World Comic Book Review

2nd March 2024

Technofreak #1-4 (review) – “Are you freakin’ kidding me?”

Co-creator, design, color: John Charles

Co-creator, script: Barry May

Artist: Tom Newell

American Mythology 2021

COMIC ADVENTURES are back. We are all supposed to be kids here, or maybe a mangled adult wallowing in a beer over that chick that really has you by the balls, as Lenny Bruce once put it, I think. Four-issue series TECHNOFREAK starts at a barstool, when our hero Jon Sherlok in the year 3026, nursing a bottle, learns his heartthrob Loretta, who does not yet know she loves him like he loves her, is missing; really gone.

Jon checks the computer in his head (last sane survivor of the Technofreak program), and then jumps into action to find Loretta, with his ex-partner Neville, a big brute guy, and a talking robot cat Maurice, who narrates the action, so we don’t get lost. It’s all serious and zany, packed with adventures, and spliced with silliness.

Art style, themes, quips, beg for a genre label, like future sci-fi crime noir, or witty British romp, a cache for artist Tom Newell, and co-creator John Charles, a veteran of long-running UK strip compendium 2000AD. Both art and drama look fresh and new, yet old and staid, something you’ve seen before till it’s wired in your mind, yet can’t help chuckle at the brazen bombastity, recombining old ore into new plastic chips, synched, and electrified. Gags and jokes planted by writer Barry May dot the perimeter, skip along in the action, and blend into the art, curve round the occasional naked cartooned butt, sly smile, shocked looks.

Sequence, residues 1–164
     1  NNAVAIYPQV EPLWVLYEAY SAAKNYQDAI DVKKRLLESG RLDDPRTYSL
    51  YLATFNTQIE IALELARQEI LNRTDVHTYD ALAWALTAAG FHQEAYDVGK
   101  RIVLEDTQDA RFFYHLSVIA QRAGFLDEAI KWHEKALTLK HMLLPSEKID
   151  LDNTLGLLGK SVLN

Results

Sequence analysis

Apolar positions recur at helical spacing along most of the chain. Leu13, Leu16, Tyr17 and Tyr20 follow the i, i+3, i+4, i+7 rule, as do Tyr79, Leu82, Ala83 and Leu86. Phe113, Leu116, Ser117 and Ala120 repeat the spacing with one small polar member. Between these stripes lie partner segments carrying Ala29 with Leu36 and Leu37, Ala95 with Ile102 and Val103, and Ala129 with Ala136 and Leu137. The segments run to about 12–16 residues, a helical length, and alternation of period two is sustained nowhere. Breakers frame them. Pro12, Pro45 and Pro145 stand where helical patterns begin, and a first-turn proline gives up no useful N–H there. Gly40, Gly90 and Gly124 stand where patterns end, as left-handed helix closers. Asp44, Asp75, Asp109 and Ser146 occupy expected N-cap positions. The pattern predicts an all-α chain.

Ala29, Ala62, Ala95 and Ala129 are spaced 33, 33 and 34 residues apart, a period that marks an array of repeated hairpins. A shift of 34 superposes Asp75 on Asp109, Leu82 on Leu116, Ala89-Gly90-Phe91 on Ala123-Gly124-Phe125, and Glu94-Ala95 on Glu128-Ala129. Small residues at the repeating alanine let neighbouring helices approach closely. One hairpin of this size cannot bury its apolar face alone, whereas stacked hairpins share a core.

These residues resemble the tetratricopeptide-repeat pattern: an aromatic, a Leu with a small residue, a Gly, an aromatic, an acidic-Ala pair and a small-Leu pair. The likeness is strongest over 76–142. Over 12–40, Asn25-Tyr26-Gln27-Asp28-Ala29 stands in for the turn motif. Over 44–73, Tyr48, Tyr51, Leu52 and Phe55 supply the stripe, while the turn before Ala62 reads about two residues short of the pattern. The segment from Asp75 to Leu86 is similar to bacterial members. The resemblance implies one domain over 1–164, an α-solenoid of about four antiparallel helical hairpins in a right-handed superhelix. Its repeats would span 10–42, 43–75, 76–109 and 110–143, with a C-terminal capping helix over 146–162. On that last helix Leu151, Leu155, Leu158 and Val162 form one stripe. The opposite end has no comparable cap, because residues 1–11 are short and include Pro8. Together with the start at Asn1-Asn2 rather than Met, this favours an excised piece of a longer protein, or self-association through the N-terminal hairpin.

I wasn’t prepared to be attracted to Technofreak, watching a wired-up guy, and brutes and babes with big guns jump into fiery action, again; but Maurice the robot cat hooked me in the beginning of Issue 2, falling from a skyscraper with his mates Jon and Neville. These days we know the machine voice in our lives is not always right, but then, neither are you. Adds amusing perspective. Through the twists and turns, it’s always good to know what the cat thinks.

Jon is not a superhero, just computerized. He could die. Maybe he does. Too bad if it’s so. I felt abandoned in Issue 4, when it said, “The technofreakin’ end”; I wanted this spritely machinery to go on till 3026 CE. Afterward, I ended up at a barstool, wondering over a bottle, why she left, what was my fault, and wherever I might find her again. My dear proud Loretta.